• Fleshy leaves
Specific Needs
  • Moist but well-drained soil
  • Warm soil temperatures
Common Pests 
  • Slugs
  • Snails 
  • Beetles, mites, and aphids

Beans are vining vegetables grown in gardens worldwide. Mainly because they’re producing high quantities of bean pods and for their easy-to-grow posture. You can classify beans into two main categories — bush and pole category.

Pole beans grow as twining climbers. These can grow up to 15 feet tall and are large plants that can create some shade over other cultures limiting the crops you can grow next to them. They require some support for their growth and generally yield the greatest amount of beans in their whole family.

Bush beans are a smaller variety of beans growing on compact and bushy plants. The plant grows up to three feet tall and does not require much space, making them ideal companions to their pole variety counterparts. These bean plants produce a much lower yield but are overall much easier to grow and require less amount of maintenance!

Okra won’t have a pleasant time being planted next to vining plants, and beans are no exception. Your Okra will like a generous amount of sun to grow, which the beans won’t allow, so you’re going to want to go with a bushier variety of beans if your garden is too small.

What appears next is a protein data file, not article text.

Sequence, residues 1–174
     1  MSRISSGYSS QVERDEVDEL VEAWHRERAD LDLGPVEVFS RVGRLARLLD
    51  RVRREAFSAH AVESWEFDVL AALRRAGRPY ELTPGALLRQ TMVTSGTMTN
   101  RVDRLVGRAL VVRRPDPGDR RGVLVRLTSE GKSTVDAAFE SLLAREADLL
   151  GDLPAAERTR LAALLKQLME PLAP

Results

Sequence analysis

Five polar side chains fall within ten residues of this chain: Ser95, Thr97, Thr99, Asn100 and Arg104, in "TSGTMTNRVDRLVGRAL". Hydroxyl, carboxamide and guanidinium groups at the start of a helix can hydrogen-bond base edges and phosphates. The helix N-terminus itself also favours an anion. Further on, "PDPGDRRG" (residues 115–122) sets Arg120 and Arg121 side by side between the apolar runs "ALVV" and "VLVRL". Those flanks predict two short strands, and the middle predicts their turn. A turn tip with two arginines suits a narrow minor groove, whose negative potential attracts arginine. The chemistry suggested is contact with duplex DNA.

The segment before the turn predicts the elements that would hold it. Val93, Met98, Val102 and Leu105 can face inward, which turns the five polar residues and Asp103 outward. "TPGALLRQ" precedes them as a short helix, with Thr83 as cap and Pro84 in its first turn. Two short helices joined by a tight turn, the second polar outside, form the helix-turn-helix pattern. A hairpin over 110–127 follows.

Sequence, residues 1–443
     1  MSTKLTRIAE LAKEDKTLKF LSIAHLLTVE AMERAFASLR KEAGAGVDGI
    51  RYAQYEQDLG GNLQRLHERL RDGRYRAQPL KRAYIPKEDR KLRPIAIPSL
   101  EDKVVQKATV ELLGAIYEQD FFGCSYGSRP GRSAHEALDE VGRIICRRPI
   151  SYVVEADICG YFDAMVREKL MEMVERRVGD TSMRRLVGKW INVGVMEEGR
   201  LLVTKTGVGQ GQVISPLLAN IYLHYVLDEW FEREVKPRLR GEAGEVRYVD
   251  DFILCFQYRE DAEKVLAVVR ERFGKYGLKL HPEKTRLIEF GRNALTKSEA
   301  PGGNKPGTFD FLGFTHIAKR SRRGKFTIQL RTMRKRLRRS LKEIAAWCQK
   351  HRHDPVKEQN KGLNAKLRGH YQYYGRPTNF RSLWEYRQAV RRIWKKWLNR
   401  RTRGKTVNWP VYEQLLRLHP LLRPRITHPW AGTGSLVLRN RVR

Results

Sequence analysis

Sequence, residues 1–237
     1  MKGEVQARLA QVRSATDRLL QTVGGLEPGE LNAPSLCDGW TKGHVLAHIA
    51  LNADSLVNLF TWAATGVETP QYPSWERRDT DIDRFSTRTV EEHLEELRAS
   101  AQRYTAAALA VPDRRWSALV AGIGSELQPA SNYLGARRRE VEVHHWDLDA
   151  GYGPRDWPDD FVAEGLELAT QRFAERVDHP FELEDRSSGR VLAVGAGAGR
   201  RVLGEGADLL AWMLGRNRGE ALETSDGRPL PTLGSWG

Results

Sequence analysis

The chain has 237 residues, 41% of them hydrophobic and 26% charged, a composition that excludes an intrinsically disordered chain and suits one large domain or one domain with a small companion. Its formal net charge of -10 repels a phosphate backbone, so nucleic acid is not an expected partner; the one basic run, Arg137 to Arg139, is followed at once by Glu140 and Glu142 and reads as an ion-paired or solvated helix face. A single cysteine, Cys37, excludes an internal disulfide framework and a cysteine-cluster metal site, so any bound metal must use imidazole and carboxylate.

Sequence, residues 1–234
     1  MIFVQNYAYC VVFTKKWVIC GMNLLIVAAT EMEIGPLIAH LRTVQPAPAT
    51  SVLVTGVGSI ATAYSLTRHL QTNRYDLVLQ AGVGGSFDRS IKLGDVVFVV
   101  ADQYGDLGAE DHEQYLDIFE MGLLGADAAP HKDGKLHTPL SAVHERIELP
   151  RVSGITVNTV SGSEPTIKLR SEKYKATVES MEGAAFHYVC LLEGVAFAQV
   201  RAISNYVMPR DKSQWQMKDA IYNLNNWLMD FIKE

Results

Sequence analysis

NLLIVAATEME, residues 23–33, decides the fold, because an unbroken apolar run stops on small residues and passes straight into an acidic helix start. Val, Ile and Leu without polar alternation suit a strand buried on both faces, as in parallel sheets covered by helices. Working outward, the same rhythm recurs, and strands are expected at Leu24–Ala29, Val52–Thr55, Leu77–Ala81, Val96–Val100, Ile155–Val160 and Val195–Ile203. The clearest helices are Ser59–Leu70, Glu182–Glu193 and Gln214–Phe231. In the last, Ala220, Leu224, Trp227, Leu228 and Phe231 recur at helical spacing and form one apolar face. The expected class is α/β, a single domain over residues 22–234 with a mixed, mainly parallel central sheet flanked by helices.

However, bushy beans are disease prone. Much like blueberries, they can invite some unwanted diseases which will readily spread over to your Okra plant. Most notably, beans are prone to powdery mildew, mosaic virus, and white mold.

5. Pumpkins

big leaves and vines of pumpkin plants

Growing Season Late Summer to Fall
Distinguish Characteristics 
  • Long and low growing
  • Vines, big leaves
  • Fleshy squash fruits
Specific Needs
  • Moist but well-drained soil
  • Warm soil temperatures
Common Pests 
  • Mildew, leaf spot
  • Aphids, spider mites, and whiteflies

Pumpkin vine plants are sprawling vines with yellow flowers. These flowers often give way to large squash fruits, most commonly referred to as pumpkins! The fruits of squash plants have a mild flavor and have a large number of applications in the kitchen.